The Haus, which faced a delayed opening due to pandemic obstacles, is based in a three-story house dating back to the 1880s. A local candle maker created a scent for the space, while the dominant blue shade was chosen for its reflection of both Levi’s and Mexico.
Old Navy is freezing prices through back-to-school
On Wednesday, two days before announcing the departure of CEO Nancy Green, Old Navy revealed a new commitment to freeze its prices on kids’ products through the end of the back-to-school shopping season. According to March 2022 NPD data, Old Navy holds the most market share in the kids’ market. Old Navy does not break out its business by category.
“We’re all seeing, hearing and reading the statistics on rising inflation,” Andres Dorronsoro, vp and general manager of Old Navy, told Glossy of the move. “We understand the pressures this environment puts on families and consider this a critical time to deliver on [our] trusted value equation.”
Dorronsoro would not comment on price increases the company has implemented thus far, only stating, “We’re constantly evaluating our pricing in light of industry headwinds with the goal of remaining a leader in the value space.”
Are rapid delivery services the key to unlocking circularity in fashion?
Starting on Thursday, Thousand Fell, which makes recyclable sneakers, and NYC-based rapid-delivery service Gorillas are offering complimentary pick-up of recyclable textile waste. According to Thousand Fell founders Stuart Ahlum and Chloe Songer, their customer typically wears a pair of sneakers for 8-10 months. Thousand Fell’s recycling partner is SuperCircle. The company offers a $20 credit to customers for each pair of shoes they recycle.
“We’ve worked with the Gorillas team to streamline the process as much as possible,” said Ahlum. He explained that customers have the option to order a bag and drop in items while the Gorillas driver waits, or hand off old shoes to a Gorillas driver as they deliver their next pair. Customers can also drop off shoes at Gorillas NYC locations.
“We’ve found that the majority of people want to recycle their used clothes and sneakers when they have the option – they just don’t know where to go,” said Songer. “The convenience factor, especially in NYC, is the biggest barrier. Our community has been asking for something like this for a while.”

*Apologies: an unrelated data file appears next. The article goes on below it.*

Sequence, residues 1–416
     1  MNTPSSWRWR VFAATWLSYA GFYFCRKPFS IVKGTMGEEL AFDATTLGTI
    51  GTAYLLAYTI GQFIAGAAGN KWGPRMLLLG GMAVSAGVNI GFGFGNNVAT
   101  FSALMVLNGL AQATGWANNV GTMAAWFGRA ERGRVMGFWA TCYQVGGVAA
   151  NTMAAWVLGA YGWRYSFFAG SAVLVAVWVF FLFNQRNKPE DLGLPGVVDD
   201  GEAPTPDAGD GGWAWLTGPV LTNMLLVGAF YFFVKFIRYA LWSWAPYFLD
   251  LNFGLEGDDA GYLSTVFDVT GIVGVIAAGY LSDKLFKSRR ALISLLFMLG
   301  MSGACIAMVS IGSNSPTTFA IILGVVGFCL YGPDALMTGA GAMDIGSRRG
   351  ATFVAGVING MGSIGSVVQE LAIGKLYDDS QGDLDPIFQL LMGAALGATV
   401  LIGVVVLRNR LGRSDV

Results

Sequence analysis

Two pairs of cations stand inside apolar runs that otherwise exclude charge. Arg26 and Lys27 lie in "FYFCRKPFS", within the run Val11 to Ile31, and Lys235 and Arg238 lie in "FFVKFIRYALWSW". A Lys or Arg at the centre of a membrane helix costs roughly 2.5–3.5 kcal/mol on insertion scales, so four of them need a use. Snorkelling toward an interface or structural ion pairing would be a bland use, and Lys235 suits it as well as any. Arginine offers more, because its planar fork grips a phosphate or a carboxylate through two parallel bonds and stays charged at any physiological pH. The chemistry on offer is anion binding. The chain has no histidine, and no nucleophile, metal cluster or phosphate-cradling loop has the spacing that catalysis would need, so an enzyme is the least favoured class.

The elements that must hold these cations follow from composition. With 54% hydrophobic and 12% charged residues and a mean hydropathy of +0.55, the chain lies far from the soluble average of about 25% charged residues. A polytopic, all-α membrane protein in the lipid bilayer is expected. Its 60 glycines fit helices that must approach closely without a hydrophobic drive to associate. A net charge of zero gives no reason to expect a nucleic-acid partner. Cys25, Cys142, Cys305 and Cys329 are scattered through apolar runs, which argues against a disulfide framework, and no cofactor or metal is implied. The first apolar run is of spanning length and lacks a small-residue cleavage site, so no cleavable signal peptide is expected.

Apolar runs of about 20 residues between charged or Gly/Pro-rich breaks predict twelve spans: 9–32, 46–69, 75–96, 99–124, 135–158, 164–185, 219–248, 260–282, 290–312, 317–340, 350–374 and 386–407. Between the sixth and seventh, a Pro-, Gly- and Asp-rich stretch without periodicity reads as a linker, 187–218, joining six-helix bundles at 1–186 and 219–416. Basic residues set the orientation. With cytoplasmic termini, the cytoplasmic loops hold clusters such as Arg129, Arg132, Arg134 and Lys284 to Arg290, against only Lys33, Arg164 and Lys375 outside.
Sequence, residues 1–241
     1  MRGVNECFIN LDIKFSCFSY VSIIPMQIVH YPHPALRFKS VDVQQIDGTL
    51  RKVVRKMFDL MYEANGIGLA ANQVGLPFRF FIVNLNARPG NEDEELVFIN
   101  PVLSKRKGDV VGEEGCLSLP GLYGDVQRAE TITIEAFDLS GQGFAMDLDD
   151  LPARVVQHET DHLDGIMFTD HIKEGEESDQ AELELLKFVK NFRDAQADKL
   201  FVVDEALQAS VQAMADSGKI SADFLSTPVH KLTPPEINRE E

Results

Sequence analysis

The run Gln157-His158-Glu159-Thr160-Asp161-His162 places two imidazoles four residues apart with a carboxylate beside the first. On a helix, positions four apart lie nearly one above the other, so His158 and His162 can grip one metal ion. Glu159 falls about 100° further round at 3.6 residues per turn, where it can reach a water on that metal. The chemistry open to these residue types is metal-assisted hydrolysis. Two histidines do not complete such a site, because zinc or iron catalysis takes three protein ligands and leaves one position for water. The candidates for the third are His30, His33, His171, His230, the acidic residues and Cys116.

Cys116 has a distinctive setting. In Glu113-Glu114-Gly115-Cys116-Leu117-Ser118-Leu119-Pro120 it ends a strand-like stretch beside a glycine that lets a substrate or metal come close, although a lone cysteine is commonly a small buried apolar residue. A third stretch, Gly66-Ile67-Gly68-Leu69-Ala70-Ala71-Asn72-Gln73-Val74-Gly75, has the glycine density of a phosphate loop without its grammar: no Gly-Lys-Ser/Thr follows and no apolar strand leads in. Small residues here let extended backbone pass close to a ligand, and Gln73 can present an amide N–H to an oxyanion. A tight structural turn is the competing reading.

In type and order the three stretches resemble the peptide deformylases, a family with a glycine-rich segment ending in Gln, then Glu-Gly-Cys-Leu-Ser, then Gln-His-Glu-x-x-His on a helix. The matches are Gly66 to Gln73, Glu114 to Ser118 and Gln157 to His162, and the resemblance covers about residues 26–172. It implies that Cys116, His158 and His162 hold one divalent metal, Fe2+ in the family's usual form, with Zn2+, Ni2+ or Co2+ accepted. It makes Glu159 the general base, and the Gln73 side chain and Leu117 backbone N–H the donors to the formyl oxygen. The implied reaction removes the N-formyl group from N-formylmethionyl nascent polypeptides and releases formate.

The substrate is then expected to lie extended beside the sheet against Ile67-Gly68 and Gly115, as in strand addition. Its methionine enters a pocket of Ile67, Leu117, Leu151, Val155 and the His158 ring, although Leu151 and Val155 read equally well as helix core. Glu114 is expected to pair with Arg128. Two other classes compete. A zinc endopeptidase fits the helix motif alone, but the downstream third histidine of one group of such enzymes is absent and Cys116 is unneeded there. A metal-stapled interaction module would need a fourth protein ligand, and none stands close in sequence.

This marks Gorillas’ first pick-up partnership. However, the company has just linked with UPS to allow customers to send back items with its drivers starting on Monday, said Adam Wacenske, head of U.S. operations at Gorillas.
How fashion brand Destree landed Beyoncé and Rihanna as investors
On Wednesday, Paris-based ready-to-wear brand Destree made waves with its Series A funding announcement, which spelled out participation from the who’s who of pop culture. Joining VC firm Sequoia Capital China are Beyoncé, Rihanna, Gisele Bündchen, Jessica Alba, Reese Witherspoon, the list goes on.
The 6-year-old company – which speaks to the “quiet luxury” trend sweeping TikTok – plans to use the financing to hire new talent, up its digital marketing and expand its physical retail footprint in large international cities. Currently, 60% of its sales come through its direct channels.
“It’s important to me to surround myself with empowered, driven women, whose success I can admire. [And] I want to ensure we’re empowering women in every aspect [of the business],” co-founder Géraldine Guyot told Glossy, noting that many of the investors were already brand ambassadors.
She added, “It is very humbling to have so many inspiring women believe in our vision.”
Brands and retailers are safeguarding against inventory issues by buying in bulk
That’s according to a new report by wholesale platform Bulletin on “Navigating Retail’s New Normal.”
“I’ve had to get over my fear of ordering in bulk,” Tola Akinbiyi, owner of the retailer Bon Femmes, said in the report. “At this point, it’s better to have too many than not enough when you need it the most. The upfront costs aren’t fun, but it helps so much in the long run.”
“In 2020 and 2021, many brands could no longer produce inventory, were short on fabrics or materials from overseas, or couldn’t anticipate surging demand for certain products,” Ali Kriegsman, co-founder and COO of Bulletin, told Glossy.
Along with buying in bulk, retailers are safeguarding their operations by moving to the drop-ship model. Doing so allows them to easily expand their assortment to alleviate supply chain “hiccups,” she said.
For its part, Bulletin has become more rigorous in “de-merchandising” brands on its platform.
“If brands are letting orders expire or declining orders repeatedly, we make sure it’s harder for retailers to find those brands,” she said. “We also launched an inventory tracker for the first time last month, so brands can better showcase to retailers what inventory they actually have on-hand and ready to ship ASAP.”
- Brands are launching first-time children’s lines ahead of Mother’s Day. This week, that included Michael Kors. A cult-favorite fashion line will roll out its version on May 3.
- Brands are asking their customers if they’re ready for the metaverse. This week, in a customer survey, Good American posed the following questions: “Do you know what an NFT is?” “Do you know what the metaverse is?” “Do you want to see Good American in the metaverse?”
- Vintage department stores are catching on. Last month, I wrote about L.A.-based ReDress, which allows influencers, among others, to rent an in-store rack to sell their used clothing and accessories. Today, in NYC’s South Street Seaport, Club Vintage will open its doors. It will sell styles from “stylish influencer closets from around the world,” as well as hand-vetted vendors.
Inside Our Coverage
Inside Vestiaire Collective’s plan to dominate luxury resale
What really happened at the Coachella-adjacent Revolve Festival
Is body-positive shapewear an oxymoron?